Unlike the random ambush encounters of everything else so far, enemy encounters are easier to avoid in modern entries. Dragon Quest 11, the most recent in the series, is also available on the Nintendo Switch like Bravely will be. As many JRPGs are, it is a story and character driven experience across an epic fantasy world.
In regards to other similarities that could help players prepare, previous entries have even included a job system. Dragon Quest 9: Sentinels of the Starry Skies allowed for a lot of diversity in a single character’s various jobs. The key to this is learning how to effectively mix and match skills from varying jobs for maximum impact. Learning to carefully map your characters’ progression in advance is a skill surely needed to prepare for Bravely Default 2.
Just as Final Fantasy served as the basis for the Bravely series, so too did Dragon Quest for the former. In terms of retro JRPGs, its influence can be felt throughout most modern games in the genre. The series is known for its iconic monsters, so much so that it even got a spin-off based on capturing them.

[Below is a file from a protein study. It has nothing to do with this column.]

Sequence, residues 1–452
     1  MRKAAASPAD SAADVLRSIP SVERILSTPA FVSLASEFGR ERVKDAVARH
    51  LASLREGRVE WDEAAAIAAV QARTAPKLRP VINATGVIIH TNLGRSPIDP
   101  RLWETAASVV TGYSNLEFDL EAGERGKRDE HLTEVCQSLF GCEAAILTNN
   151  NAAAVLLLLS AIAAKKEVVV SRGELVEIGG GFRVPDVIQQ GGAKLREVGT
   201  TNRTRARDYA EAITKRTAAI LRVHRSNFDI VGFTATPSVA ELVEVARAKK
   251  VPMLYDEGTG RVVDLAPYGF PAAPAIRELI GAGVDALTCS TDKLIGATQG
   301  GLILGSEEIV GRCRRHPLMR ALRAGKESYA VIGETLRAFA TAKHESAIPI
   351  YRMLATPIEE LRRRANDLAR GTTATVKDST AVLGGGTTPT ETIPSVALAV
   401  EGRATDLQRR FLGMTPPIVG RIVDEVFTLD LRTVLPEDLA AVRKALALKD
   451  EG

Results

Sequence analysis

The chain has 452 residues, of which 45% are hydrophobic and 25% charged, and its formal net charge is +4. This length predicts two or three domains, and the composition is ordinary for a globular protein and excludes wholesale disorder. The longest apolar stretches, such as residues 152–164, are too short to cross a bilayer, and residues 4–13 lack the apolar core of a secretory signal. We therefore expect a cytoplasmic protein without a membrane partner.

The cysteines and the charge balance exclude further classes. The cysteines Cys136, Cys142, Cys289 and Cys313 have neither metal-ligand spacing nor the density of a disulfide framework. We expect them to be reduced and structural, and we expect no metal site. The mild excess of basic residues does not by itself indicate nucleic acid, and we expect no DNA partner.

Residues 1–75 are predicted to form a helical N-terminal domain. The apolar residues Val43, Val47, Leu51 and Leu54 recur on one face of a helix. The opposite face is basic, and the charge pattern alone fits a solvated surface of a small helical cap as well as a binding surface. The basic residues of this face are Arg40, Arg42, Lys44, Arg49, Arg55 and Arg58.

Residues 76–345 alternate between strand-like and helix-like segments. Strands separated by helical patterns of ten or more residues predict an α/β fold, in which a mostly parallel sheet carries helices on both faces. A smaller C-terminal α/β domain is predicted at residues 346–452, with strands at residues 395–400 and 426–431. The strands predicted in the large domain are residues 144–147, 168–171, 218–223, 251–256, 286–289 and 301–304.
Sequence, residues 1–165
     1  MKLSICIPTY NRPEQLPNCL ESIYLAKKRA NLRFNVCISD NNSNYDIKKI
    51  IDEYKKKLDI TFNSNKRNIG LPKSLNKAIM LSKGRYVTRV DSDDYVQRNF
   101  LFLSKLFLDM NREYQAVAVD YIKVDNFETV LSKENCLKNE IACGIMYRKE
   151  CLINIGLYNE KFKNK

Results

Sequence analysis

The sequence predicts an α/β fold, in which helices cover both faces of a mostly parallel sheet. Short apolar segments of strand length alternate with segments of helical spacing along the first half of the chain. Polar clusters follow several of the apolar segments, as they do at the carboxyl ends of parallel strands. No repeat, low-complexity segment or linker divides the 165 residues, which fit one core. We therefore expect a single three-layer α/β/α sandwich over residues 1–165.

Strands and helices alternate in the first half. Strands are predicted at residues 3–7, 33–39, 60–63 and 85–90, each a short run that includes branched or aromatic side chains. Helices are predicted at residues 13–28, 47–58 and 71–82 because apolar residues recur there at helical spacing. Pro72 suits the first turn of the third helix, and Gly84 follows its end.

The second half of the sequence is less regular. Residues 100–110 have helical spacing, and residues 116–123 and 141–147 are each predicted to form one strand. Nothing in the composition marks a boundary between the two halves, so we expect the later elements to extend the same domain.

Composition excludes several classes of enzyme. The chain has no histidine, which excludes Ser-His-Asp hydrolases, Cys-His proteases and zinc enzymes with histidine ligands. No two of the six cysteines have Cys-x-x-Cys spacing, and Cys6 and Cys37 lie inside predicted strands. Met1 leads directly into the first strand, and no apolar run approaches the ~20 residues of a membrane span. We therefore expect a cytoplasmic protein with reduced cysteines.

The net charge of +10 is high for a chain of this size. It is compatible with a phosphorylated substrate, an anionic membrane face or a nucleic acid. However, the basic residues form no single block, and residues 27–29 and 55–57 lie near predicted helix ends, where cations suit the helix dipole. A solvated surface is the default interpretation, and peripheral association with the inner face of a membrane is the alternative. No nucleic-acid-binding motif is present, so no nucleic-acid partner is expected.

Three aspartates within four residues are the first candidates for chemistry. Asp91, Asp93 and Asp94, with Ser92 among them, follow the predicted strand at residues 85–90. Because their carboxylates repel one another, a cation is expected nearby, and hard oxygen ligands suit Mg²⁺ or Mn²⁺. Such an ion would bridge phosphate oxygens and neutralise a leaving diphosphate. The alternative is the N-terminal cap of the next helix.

5. Chrono Trigger
In many ways, 1995’s Chrono Trigger is the culmination of two of Square Enix’s powerhouse franchises. The game was developed by a team with prior experience in both Final Fantasy and Dragon Quest. Additionally, its art was created by Akira Toriyama of Dragon Ball fame. With a team consisting of such extensive experience in the genre and storytelling, its reputation makes sense. Often heralded as one of the greatest JRPGs, the multiple ending story offers plenty of replay value. Furthermore, the game is highly accessible even now, with various ports existing for the Nintendo DS, mobile and PC.
The mechanics it will familiarise players with before Bravely Default 2 include an overworld for exploration in which enemies visibly appear. Avoiding encounters is possible, unlike random ambushes, allowing players to explore at their own pace. Where Chrono Trigger deviates is in its implementation of the “Active Time Battle.” This meant that a bar appeared to show the countdown for a character’s next action dependant on speed.
Other games such as Final Fantasy 9 included similar mechanics, although settings can be toggled to make it easier. It encourages quick thinking as you plan your move, as you need to subsequently act fast when it arrives. It’s a good system for strategy and discipline during encounters with an extra layer of suspense.